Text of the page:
Start-up funding for digital healthcare is expected to double in the United States over the next three years, growing from $3.5 billion in 2014 to $6.5 billion by the end of 2017, according to new research by Accenture.
“A digital disruption is playing out in healthcare that will change social interactions, alter consumer expectations and, ultimately, improve health outcomes,” said Dipak Patel, managing director of Accenture’s patient access initiatives.
Between 2008 and 2013, start-up funding totaled $10.2 billion for digital health solutions.Accenture estimates that around $2.8 billion was used to fund digital health start-ups last year, growing at an annual rate of 31% since 2008. The company projects digital health start-up funding will grow to $4.3 billion in 2015, and eventually hit $6.5 billion by the end of 2017.
Between 2008 and 2013, start-up funding totaled $10.2 billion for digital health solutions addressing four market segments:
- Infrastructure capabilities, such as interoperability and health analytics, accounted for an estimated $2.9 billion in start-up funding, which was used to comply with industry changes and federal Meaningful Use guidelines.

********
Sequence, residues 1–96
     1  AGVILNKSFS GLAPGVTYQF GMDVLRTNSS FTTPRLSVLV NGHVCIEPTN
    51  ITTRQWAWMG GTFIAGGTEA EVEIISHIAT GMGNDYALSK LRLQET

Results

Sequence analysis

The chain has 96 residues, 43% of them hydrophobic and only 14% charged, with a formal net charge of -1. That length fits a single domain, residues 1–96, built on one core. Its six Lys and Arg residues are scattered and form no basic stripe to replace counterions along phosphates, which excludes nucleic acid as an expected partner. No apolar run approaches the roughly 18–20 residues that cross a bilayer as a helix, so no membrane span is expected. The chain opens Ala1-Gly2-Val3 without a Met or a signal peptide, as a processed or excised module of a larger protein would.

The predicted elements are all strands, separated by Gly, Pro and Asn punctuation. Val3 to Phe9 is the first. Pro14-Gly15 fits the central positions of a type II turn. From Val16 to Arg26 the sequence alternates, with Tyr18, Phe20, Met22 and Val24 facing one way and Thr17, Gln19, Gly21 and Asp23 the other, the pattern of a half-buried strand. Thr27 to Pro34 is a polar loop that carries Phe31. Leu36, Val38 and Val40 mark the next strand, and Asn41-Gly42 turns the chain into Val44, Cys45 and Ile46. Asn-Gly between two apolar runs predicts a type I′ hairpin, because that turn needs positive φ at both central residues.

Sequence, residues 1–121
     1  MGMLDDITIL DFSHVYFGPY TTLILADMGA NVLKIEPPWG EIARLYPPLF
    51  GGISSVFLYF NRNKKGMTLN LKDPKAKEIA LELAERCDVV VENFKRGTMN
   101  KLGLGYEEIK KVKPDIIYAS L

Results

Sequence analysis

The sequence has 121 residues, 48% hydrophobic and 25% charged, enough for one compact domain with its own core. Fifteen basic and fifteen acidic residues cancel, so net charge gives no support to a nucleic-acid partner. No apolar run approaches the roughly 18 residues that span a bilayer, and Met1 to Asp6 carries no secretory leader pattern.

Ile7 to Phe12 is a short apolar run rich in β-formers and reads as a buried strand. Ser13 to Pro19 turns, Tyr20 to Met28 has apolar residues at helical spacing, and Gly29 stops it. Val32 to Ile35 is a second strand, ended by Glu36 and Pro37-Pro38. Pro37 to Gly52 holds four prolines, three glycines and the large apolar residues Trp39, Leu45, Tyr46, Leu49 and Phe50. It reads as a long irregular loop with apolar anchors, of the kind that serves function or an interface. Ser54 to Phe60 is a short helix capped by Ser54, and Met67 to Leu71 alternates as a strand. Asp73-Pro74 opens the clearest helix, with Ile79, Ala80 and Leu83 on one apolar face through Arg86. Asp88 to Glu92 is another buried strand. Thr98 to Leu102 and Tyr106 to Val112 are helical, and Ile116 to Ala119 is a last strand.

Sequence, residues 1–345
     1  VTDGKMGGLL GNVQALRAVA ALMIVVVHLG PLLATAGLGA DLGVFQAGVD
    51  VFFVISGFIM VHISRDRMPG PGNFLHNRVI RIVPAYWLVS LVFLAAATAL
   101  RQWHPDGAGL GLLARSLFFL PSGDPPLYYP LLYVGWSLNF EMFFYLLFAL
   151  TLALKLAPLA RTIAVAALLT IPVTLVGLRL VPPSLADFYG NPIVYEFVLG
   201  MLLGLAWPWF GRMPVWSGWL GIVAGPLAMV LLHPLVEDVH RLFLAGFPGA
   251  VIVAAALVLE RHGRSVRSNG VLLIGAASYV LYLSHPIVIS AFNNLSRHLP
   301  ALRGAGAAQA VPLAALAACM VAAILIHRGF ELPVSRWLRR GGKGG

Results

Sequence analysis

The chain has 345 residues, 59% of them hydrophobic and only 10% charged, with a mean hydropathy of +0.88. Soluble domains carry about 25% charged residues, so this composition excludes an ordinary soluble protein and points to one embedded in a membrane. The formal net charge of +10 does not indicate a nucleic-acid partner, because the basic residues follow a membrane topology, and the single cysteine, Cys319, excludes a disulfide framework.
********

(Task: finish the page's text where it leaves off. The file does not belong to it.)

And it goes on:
- Engagement solutions, such as wearable technology and incentive programs targeting behavioral change among patients, received $2.6 billion in start-up funding.
- Treatment tools, such as telehealth, also received $2.6 billion in start-up funding.
- Diagnosis technology captured $2.1 billion in start-up funding, for such clinical and consumer tools as remote monitoring.
Accenture’s forecast is based on market analysis, project experience, third-party analysis and data from 2,000 digital health start-ups receiving funding between 2008 and 2013. Pure-play medical devices, bio-tech, consulting/advisory firms and public companies are excluded from the research.